The Print Portfolio – a thing of the past?

I was recently sorting out my old darkroom, preparing it for an overdue repainting and a restructuring, when I came across my old 12×16 inch print portfolio. Leafing through it, after leaving it inactive for quite some years, I started reflecting on another change which the Digital revolution has brought upon us. Today, very few photographers, (and models or actors), still use print portfolios. Most clients require only digital files, both to review or to see samples of photographic work and they are also more often than not to require digital files as a final product.  How times change – yet, I think, that in this matter, it is for the better.

 

The printed portfolio

The printed portfolio

 

Producing Digital portfolios costs so little as one does not need really to print photographs anymore. Previously, it was very costly to update portfolios but now, through using digital media, it is actually cost free. This has not been good news for photographic laboratories, but now, one can update work in step with one’s progress and improvement. The portfolios of anyone who uses them are today much more up to the minute and thus reflect the portfolio owner’s current levels and standards. It is also a faster process to diffuse and advertise one’s work. Most viewers of portfolios are not interested in print quality at all, but in the actual content. Seeing this content on screen instead of in print does not adversely affect them. Today’s photographers need to consider their output based on different media than previously. There are so many more options.

Still, one argument does persist – and I daresay will continue to persist – and that is that many people do still enjoy and relate with images more in depth if they are printed. This could stem from the fact that when viewing physical images or a book, one tends to concentrate more on the process than when viewing imagery on a screen. Our impatience usually makes us fly through imagery on screens. Photography book sales have not really decreased and the relatively recent option of printing custom books in any amount of copies, even one copy, keeps increasing. In fact, I believe this latter option perhaps is not exploited enough by photographers and other users of portfolios. A custom book can keep promoting one’s work indefinitely, particularly if placed in the right place. Leaving a book inside a drawer does not serve its purpose, but making sure it is visible and easily picked up by visitors to your studio, office or home, diffuses and promotes your work with little effort. Naturally, it is also important to have your name proudly displayed on the front cover of any book containing your work. This constantly evolving paradigm should also make photographers think more about online ways of promoting their work. With high quality video available in most DSLR cameras, one has the tools to produce little clips or tutorials so that these can be put up on online media and again show your work all over the globe. Producing custom books is relatively cheap and getting cheaper, whilst diffusing one’s work on online media is usually free.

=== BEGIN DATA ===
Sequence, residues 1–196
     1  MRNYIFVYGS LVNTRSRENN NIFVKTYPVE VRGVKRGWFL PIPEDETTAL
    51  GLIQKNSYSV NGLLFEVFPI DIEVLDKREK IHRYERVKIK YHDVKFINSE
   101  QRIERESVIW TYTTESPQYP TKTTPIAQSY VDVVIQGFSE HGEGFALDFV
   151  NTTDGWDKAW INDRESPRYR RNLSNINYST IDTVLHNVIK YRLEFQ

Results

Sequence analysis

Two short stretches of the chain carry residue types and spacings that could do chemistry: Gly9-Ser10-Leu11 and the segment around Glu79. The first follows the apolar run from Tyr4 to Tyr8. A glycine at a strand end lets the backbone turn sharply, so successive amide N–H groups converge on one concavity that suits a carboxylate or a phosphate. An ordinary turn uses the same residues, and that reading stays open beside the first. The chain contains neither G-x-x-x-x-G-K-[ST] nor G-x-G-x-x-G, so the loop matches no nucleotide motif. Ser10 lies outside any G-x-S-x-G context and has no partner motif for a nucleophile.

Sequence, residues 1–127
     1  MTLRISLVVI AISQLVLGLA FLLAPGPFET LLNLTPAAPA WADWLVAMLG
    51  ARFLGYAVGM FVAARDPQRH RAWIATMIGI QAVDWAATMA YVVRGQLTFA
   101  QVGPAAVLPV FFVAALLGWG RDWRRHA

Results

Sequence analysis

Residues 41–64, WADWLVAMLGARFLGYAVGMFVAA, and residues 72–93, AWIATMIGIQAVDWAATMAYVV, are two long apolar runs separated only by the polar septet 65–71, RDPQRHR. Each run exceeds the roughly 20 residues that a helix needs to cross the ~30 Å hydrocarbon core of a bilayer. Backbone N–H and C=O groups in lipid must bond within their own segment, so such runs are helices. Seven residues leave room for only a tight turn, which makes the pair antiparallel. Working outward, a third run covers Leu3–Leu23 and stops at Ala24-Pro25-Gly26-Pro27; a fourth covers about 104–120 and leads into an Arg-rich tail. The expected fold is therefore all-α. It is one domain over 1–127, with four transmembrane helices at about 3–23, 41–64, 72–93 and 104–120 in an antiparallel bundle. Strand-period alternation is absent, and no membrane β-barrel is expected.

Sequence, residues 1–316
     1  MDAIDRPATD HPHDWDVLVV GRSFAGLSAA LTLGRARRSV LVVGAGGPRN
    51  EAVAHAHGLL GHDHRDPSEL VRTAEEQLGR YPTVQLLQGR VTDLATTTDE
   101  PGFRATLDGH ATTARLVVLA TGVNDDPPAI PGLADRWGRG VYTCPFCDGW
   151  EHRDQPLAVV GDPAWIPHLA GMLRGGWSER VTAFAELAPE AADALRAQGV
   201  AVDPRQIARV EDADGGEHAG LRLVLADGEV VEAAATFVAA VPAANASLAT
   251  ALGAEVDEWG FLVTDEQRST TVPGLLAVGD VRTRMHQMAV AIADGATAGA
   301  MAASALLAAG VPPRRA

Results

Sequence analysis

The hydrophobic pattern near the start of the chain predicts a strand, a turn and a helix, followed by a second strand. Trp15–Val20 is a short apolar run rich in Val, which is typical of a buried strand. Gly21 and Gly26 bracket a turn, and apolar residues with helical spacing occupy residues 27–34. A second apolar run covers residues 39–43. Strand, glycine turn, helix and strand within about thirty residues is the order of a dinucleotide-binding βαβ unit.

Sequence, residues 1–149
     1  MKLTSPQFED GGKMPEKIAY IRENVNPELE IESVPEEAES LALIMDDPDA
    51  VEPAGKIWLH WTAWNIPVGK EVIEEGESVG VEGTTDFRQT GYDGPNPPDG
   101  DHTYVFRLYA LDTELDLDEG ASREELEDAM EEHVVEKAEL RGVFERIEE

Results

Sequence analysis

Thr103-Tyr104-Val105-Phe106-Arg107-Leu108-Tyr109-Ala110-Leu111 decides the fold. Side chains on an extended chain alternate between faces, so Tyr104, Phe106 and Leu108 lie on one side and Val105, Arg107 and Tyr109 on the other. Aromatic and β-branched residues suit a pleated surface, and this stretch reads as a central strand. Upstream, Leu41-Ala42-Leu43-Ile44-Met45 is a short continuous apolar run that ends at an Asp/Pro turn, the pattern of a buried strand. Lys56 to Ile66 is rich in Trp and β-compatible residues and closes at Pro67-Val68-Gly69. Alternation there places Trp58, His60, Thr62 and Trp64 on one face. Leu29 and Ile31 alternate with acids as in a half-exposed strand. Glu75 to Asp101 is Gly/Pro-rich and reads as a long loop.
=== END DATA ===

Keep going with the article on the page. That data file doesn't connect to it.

It is also rather puzzling that Maltese photographers, in my opinion, are not really exploiting this media as much as they should. One does not see too many PDF portfolios produced by local photographers. I wonder why this is so when, again, this is so cheap and easy. PDF portfolios, if produced in the right manner and in a reasonable size that is easily manageable by email, can again boost the work and promote many photographers. Although on this island we seem to pride ourselves with being very up to date with modern technology, I have a feeling that most photographers seem to resist or not realize the full potential of this evolving technology and the many ways that they can utilize it.

Or are we too busy to explore new methods and ways of moving forward or are we just too lazy or engrossed in our day to day chores to open up our eyes to all these benefits? I hope this makes most of you reflect and take action before the whole world passes us by!

© Kevin Casha

PHOTOGRAPHY TUITION – a new jungle?